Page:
|Aug-29-17|| ||Petrosianic: Also, the FIDE rating card says Osipov was born in 2004, which would make him 13 now. If this was played when he was 4, then Averbakh was only 86.|
|Aug-30-17|| ||cro777: Mikhail Osipov, born 2004, is another Russian chess player. The game between 4-year-old Misha Osipov and Averbakh was played yesterday (August 29th).|
|Aug-30-17|| ||alexmagnus: Youngest to play a rated game was some Indian girl who played in an under-7 championship of her state at the age of 3.|
|Aug-30-17|| ||alexmagnus: On that exhibition game photo the names are switched :)|
|Sep-02-17|| ||cro777: Last Tuesday, on the occasion of the 50th birthday of Moscow's famous radio and television tower Ostankino, a special chess program was broadcast. As mentioned above, the highlight of the evening was the match between the world's oldest grandmaster, Yuri Averbakh (95), and four-year-old Misha Osipov. Also, a match was played in paired chess, where Karjakin and Osipov beat Averbakh and his team member, Alexander Zhukov. |
Averbakh discussed his chess memories:
"I was blessed to live in the golden age of chess. It was the 1945 USA-USSR radio-match that opened great traveling opportunities for Soviet players.
I remember that American grandmaster Denker told me that Americans were expecting the match to end with a small margin, while they were reigning four-time world champions.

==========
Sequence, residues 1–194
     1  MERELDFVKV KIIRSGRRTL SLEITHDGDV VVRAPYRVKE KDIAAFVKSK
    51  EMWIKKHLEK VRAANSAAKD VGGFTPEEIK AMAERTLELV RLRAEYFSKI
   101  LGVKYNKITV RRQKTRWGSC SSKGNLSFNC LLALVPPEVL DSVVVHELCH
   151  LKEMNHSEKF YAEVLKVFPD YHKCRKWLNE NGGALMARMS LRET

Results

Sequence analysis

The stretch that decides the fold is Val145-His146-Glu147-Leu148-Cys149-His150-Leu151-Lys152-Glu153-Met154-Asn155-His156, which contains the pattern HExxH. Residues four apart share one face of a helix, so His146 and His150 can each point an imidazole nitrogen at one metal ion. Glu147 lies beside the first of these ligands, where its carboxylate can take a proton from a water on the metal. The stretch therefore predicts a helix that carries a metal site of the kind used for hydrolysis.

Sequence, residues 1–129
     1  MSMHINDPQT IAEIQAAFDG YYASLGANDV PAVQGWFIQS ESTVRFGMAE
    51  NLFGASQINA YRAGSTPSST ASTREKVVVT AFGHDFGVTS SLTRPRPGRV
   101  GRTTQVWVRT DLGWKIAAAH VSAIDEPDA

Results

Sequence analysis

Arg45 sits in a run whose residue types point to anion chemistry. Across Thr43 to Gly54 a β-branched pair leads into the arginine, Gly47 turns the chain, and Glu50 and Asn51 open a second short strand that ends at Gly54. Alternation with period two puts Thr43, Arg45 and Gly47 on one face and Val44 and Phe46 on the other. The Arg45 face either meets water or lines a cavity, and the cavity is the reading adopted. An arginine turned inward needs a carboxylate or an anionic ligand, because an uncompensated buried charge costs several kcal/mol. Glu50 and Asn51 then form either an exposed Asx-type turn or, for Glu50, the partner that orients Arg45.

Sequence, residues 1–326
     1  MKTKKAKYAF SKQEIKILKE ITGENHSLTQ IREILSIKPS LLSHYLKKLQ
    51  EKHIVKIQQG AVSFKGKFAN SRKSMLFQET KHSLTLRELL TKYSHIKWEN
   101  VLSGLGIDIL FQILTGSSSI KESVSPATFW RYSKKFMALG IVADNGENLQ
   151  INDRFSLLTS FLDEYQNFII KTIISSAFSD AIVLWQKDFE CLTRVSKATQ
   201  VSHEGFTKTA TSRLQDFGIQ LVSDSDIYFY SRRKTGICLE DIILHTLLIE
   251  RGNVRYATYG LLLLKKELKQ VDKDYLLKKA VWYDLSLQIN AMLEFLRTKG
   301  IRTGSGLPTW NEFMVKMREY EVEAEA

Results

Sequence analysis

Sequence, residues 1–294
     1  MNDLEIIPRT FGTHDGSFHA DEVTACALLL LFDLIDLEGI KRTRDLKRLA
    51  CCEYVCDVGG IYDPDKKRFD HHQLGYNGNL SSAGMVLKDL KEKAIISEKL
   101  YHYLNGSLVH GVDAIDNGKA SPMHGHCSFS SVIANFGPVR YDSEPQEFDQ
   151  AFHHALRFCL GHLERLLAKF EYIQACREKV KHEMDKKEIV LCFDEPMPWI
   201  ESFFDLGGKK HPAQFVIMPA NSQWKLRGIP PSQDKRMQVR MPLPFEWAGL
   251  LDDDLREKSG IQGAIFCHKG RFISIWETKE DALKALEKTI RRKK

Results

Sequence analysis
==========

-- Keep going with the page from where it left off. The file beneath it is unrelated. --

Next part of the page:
By the way, I was working as a controller at this match. Our crushing victory turned everything around: Soviet chess players were participating abroad, and even the second place was considered a failure. As an outcome, Botvinnik became the world champion."
|Sep-02-17|| ||cro777: "Yuri Averbakh, at 95, still shows phenomenal memory and a bright mind. |
In the game against a 4-year-old Misha Osipov, almost unable to see the board due to his significantly decreased vision, he still managed to win a piece and completely dominate the position.
Sadly, he dropped a rook as he didn't clearly see the move of the young opponent."
Mikhail Osipov Yuri Averbakh. Position after 23
click for larger view
Here Yuri Averbakh thought that he saw the white rook going to d1 so he took on c2 and lost the game.
As <alexmagnus> remarked, on the game photo the names are switched.
|Sep-03-17|| ||alexmagnus: <due to his significantly decreased vision>|
<This> seems to be a universal of extremely old age. Not mental failure (indeed, <no one> of the longevity world record holders got dementia). Not physical weakness. But gradually going blind, typically completely losing sight between 100 and 110. Our eyes are just not suited to be around for more than some 75-80 years. If we ever significantly improve maximum lifespan, the first things the scientists will have to address is what to do with all the blind people that arise of this improvement :D
|Dec-09-17|| ||alexmagnus: ... And Misha Osipov is clearly overhyped.
All we know about him is that he plays chess. We don't even know at which level. I've seen dozens of four-year-olds who play chess.
So far he played three games against FIDE rated opponents. All three losses. Against players rated 1000-1300.
So, what makes him different from other four-year-olds?
< Earlier Kibitzing · PAGE 6 OF 6 ·